Sands Point Preserve Conservancy holds its annual summer white party
The White Party, A Benefit for Education” was yet another successful and sold-out affair at Hempstead House on the former Gould-Guggenheim estate as the Sands Point Preserve Conservancy held its popular annual summer garden party on August 16. Invitations encouraged guests to dress in summer white, so the 300 guests heeded the call, wearing their finest attire, including a wide assortment of hats.
Honorees this year were Amrit Sethi, conservancy board member and founder and director of the Happy Montessori School in Port Washington, along with the Cornell Cooperative Extension of Nassau County.
“I am thrilled to be able to support educational programs at the beautiful Sands Point Preserve,” says Sethi, who founded her school in 1970 in order to provide quality education to young children. “We are very fortunate to have people who have given their time to take care of the preserve and who are creating such thoughtful and engaging programs for people of all ages.”
An exciting addition to the preserve this year is a new organic vegetable “demonstration” garden to be used as a teaching resource. The 2,000-square-foot space contains 12 raised beds and includes a section dedicated to a planting methodology called “square foot gardening” that uses fewer resources than traditional single row gardening. The garden is the brainchild of Conservancy chair Karli Hagedorn, who created its design and is the underwriter for the project. The conservancy entered into a much appreciated collaborative arrangement with the Cornell Cooperative, which made the garden a “priority project of the season.” The conservancy thanks its longtime friends Calabrese & Sons Landscaping in Port Washington for constructing the space and Butch Starkie of Starkie Brothers Garden Center in Farmingdale for his donation of the organic plants.
Beth Horn, managing director of the conservancy, expressed gratitude to all of the parties involved in bringing the new garden to the preserve, thus extending the range and depth of programming offered by the conservancy.
“All of our education programs for children age 2 through eighth grade are based on New York State Common Core Standards, so they are true enrichment for classroom study,” says Horn. “At the preserve, we connect children with their environment for experiential learning—beyond what they encounter in schools, and away from their cell phones and computers.”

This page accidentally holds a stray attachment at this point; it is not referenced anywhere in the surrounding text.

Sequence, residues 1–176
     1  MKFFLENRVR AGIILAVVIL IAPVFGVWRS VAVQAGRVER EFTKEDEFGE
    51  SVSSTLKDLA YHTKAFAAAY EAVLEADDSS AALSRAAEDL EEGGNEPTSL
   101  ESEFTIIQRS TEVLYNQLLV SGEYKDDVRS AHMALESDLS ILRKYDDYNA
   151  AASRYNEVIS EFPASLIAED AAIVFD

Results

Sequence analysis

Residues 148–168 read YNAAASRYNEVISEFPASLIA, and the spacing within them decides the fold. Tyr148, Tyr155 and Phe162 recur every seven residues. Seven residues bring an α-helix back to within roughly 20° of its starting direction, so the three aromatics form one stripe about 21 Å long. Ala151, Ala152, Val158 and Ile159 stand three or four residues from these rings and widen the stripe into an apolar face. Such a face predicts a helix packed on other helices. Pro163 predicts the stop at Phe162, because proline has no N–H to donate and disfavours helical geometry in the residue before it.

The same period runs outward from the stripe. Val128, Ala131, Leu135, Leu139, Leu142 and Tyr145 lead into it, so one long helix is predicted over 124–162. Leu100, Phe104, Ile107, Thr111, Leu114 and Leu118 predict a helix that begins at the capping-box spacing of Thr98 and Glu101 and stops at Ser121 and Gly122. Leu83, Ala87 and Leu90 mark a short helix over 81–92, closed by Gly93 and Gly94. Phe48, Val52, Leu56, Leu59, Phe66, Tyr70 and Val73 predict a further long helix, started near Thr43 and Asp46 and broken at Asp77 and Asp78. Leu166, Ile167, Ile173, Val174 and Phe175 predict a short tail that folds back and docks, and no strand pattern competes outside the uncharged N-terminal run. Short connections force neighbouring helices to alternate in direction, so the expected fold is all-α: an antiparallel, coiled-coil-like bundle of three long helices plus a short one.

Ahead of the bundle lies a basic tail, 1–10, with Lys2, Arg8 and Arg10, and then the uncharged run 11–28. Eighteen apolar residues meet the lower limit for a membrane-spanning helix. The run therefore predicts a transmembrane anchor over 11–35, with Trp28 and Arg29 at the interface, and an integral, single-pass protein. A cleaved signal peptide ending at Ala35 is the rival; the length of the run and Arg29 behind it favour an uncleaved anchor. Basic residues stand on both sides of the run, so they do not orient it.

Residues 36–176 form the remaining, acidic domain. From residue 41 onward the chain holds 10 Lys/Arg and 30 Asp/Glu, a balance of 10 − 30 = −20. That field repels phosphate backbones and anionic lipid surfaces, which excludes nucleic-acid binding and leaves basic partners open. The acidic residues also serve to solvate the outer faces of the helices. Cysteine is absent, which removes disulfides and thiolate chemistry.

Proceeds from the annual event help fund the conservancy’s education goals, including after-school programs for students in preschool through eighth grade, horticultural programs at the organic vegetable garden, school visits for curricular enrichment, programs for individuals with special needs and family and adult nature programs.
The evening started with a VIP cocktail hour at the new organic vegetable garden, which enabled guests to meet and talk with Master Gardener and Certified Square Foot Instructor Reese Michaels. A sunset dinner followed at the Hempstead House Rose Garden, overlooking Hempstead Harbor. This year’s farm-to-table locally-sourced buffet dinner was catered by Philip Stone and sponsored by Dr. Lyle Leipziger, Chief, Division of Plastic & Reconstructive Surgery at NSUH-LIJ. Michael Douglass of Post Wines & Spirits in Syosset graciously served as purveyor for the event’s wines and cocktails. Jazz and dance music throughout the evening was provided by DJ Sal Scott.
The White Party is one of several events held throughout the year by the Sands Point Preserve Conservancy to support its education goals. Upcoming events include “Vampires through the Ages,” an immersive theater experience to mark Halloween 2018.
For more information about the Sands Point Preserve Conservancy, its mission, its programs and future events, visit www.sandspointpreserveconservancy.org.